1405008 Informal Interpretation

Date:
Rule:
801.12
Staff:
Michael Verne
Response/Comments:

We think the distinction here is that the holders of common and preferred stock do vote for the election of the fifth director, even though their choice of who they can vote for (and who they are required to elect) is limited to the CEO. We would say that each holds 50% (100% x 2/5 + 50% x 1/5) KW concurs.

Question

From: (Redacted)
Sent Tuesday, May 27, 2014 9:27 PM
To: Walsh, Kathryn E.; Verne, B. Michael

Subject: 801.12 Question - Charter's Incorporation of the Terms of a Voting Agreement (and requirement to elect the CEO)

Kate and Mike,

Hope you both had a good Memorial Day weekend. l have an 801.12 question which deals with a scenario in which the charter incorporates a voting agreement's terms, and would love to get your read on it.

Assume a scenario in which an issuer has only two classes of stock-"Preferred" and "Common"-each of which have 100 shares outstanding and, per the charter, each elects 2 directors out of a 5 director Board. The charter then goes on to say that all remaining directors will be elected pursuant to a specific provision of the Stockholders' Agreement.

That provision of the Stockholders' Agreement requires that, for this fifth seat, the Preferred and the Common holders vote to elect the Company's Chief Executive Officer as a director.

With that in mind, can you let me know your thoughts on the following:

• Presumably the charter's incorporation by reference to a voting agreement (the Stockholders' Agreement) is an exception to the usual rule that voting agreements don't factor into the 801.12 calculations (here the agreement is essential to reading terms back into the charter);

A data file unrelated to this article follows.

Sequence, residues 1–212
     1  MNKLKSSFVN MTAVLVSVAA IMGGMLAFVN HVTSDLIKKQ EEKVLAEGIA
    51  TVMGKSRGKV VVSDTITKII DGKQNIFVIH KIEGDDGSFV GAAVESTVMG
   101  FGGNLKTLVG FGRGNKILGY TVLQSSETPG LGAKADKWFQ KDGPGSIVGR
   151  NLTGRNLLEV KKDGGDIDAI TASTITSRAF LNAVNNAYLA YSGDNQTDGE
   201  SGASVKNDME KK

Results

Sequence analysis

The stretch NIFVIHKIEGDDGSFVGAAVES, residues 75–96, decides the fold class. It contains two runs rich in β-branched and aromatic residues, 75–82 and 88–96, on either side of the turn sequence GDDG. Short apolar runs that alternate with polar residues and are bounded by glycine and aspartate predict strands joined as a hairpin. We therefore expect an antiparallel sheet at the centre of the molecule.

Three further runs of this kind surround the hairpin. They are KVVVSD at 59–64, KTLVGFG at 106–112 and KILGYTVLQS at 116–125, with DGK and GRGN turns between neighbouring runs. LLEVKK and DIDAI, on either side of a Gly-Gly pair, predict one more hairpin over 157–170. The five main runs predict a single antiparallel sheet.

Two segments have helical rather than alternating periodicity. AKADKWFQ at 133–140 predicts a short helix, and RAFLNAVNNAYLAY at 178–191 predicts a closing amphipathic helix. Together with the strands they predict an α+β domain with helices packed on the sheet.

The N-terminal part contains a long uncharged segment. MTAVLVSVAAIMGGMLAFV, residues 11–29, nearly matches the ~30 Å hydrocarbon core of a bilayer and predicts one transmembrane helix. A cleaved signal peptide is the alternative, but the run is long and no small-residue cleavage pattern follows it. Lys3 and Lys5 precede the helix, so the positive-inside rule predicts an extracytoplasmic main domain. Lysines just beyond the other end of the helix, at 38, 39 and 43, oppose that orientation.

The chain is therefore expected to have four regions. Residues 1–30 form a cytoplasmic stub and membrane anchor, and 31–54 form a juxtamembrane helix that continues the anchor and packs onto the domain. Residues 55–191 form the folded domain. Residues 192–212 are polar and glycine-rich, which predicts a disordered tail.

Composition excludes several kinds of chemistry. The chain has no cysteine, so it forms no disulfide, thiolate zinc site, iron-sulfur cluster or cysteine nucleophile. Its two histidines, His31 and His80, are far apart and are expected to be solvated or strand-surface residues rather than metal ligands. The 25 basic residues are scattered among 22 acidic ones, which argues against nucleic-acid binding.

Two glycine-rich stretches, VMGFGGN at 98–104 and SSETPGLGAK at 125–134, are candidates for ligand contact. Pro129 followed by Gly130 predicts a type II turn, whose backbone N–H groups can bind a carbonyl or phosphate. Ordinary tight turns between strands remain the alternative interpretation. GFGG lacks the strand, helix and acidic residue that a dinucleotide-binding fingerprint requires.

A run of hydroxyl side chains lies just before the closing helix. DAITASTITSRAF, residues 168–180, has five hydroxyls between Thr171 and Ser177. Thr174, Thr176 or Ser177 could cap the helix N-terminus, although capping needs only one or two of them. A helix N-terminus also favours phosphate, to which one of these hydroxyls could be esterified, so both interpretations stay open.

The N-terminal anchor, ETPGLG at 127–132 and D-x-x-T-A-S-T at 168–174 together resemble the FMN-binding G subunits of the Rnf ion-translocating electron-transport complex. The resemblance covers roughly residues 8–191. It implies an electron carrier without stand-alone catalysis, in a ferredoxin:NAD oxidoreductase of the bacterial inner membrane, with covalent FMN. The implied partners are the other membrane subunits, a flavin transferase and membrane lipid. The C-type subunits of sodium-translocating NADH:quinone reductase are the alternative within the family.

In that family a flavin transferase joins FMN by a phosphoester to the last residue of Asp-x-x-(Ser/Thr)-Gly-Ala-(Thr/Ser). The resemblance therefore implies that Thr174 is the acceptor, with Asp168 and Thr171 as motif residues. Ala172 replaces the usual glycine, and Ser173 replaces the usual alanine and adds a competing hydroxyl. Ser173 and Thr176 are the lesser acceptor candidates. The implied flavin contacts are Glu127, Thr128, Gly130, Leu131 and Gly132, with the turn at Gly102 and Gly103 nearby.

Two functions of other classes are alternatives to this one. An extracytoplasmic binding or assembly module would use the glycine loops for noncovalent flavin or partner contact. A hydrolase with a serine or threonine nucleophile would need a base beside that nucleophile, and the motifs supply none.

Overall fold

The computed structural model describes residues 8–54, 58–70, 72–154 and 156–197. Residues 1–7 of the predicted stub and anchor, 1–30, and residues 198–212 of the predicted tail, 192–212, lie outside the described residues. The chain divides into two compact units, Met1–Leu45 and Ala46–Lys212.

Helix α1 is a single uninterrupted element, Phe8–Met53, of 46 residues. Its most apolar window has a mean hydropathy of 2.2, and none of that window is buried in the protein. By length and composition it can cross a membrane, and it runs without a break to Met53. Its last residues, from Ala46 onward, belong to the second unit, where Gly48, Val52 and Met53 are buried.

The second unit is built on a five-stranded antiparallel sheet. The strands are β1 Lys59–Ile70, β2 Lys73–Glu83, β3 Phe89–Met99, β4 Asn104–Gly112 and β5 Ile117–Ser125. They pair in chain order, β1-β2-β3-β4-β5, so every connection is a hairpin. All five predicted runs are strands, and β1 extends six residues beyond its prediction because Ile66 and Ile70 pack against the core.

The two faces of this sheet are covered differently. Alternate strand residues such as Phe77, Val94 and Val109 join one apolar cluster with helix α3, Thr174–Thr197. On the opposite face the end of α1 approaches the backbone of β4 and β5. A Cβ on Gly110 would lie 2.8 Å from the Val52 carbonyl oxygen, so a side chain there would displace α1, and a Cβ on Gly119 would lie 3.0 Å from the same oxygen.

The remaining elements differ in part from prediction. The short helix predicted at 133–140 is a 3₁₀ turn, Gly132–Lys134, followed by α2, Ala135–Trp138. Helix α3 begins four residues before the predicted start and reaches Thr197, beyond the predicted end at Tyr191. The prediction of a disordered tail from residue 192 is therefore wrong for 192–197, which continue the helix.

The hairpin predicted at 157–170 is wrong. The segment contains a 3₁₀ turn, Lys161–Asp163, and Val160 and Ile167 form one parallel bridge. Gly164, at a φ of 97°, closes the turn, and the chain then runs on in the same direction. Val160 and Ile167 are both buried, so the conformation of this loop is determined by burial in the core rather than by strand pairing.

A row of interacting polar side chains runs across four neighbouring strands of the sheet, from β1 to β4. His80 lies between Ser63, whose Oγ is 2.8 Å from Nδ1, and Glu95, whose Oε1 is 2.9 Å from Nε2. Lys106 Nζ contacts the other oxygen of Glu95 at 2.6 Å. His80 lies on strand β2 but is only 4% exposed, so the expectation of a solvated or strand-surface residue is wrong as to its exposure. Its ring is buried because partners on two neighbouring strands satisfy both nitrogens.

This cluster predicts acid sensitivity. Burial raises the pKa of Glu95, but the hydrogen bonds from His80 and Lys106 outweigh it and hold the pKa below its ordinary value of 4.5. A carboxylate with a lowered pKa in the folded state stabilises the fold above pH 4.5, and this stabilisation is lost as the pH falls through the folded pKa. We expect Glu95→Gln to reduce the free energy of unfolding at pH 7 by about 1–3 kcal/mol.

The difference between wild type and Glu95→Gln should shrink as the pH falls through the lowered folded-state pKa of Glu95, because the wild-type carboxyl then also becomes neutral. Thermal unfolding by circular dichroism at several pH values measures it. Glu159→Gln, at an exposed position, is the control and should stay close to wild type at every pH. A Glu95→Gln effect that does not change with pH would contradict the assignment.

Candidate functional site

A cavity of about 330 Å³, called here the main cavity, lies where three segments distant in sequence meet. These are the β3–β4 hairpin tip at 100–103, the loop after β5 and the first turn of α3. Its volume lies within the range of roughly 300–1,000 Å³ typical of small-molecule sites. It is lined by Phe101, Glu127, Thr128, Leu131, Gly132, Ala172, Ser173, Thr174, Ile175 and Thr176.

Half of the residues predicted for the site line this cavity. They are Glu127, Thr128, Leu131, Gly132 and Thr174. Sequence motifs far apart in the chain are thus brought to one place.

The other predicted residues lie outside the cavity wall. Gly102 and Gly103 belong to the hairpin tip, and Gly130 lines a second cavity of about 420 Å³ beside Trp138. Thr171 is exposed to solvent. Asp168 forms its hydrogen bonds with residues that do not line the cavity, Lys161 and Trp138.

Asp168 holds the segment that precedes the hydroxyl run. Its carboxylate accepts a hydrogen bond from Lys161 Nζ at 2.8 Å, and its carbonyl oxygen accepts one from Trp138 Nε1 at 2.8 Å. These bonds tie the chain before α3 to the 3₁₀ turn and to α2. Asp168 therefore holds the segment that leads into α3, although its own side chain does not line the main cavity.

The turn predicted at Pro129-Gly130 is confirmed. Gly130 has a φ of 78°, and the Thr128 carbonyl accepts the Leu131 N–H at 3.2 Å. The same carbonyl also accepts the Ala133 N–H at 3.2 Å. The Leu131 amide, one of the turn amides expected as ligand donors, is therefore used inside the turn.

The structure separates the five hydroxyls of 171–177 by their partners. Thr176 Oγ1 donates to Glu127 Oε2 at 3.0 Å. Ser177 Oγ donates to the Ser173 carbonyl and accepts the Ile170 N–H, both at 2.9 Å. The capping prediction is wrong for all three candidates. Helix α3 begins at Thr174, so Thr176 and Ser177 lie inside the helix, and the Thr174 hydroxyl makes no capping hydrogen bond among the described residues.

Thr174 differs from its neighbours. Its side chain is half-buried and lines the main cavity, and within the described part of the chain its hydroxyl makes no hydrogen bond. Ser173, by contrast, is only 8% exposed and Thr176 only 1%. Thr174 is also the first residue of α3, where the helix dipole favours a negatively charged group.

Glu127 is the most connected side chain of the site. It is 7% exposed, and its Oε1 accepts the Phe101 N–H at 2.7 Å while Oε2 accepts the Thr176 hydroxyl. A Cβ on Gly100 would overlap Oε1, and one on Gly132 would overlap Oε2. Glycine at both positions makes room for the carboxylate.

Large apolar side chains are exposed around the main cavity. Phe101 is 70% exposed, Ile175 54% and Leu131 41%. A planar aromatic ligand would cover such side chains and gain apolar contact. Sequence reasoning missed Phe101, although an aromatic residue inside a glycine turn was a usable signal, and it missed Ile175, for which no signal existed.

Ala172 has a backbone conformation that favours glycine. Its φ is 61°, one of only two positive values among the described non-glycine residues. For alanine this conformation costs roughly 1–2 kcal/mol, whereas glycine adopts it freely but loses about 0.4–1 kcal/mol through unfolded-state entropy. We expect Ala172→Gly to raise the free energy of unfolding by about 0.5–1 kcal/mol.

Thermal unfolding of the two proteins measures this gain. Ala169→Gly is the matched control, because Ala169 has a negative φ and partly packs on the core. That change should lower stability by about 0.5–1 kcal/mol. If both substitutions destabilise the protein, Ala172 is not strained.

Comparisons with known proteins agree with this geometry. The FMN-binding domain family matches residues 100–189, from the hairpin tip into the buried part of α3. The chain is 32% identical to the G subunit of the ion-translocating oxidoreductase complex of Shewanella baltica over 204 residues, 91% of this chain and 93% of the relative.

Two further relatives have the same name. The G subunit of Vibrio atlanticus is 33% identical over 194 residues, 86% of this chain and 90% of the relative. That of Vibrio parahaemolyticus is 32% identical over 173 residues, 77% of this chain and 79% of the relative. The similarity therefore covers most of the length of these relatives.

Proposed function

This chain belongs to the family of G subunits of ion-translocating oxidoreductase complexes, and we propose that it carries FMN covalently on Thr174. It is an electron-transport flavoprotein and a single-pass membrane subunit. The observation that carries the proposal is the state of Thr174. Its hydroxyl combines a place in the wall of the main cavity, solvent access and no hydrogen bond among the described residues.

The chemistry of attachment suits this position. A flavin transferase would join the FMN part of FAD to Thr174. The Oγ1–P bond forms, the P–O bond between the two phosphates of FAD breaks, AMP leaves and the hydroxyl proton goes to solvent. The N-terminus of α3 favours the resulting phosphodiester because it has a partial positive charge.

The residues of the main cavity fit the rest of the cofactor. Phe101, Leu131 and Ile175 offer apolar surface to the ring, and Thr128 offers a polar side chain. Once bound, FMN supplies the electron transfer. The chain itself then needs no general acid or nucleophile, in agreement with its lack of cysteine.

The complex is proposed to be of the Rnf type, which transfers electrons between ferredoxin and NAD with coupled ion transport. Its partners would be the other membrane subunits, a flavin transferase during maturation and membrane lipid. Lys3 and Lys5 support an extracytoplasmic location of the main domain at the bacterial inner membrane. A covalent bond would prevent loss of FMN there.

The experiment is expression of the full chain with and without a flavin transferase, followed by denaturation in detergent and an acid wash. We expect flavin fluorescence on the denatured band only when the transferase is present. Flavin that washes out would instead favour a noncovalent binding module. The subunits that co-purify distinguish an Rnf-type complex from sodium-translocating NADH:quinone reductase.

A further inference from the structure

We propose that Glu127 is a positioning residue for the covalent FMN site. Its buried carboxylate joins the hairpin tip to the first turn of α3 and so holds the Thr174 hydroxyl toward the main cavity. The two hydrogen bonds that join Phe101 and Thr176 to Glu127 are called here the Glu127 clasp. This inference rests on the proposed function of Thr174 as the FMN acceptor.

• That said, would a shareholder ("Preferred Holder'') holding all of the Preferred shares be deemed to hold 50% of the outstanding voting securities (since its shares are entitled to elect 2 out of 5 directors as well as representing half of the shares that serve to "elect" the CEO as director);

• Alternatively, since there is no discretion in the voting for the fifth director (i.e., it must be the CEO), would this result mean that the Preferred Holder would only be deemed to be holding shares that represent 2/5's (so, 40%) of the overall outstanding?

By analogy, Informal Interpretation 0004015 would suggest that the 50% result is the right one. http://www.ftc.gov/enforcement/premerger-notification-program/informal-interpretations/0004015 However, unlike that interpretation's scenario of a shared power to elect a director here we have a vote that stands as a simple ratification of the election of a specific individual (by title)-the CEO.

If the key is that the shares do nonetheless "vote" for the CEO, I assume that if the charter had been drafted to simply establish that the CEO would be the fifth director that would have given the Preferred Holder a 40% stake instead (derived from its ability to elect 2 out of the 5 directors).

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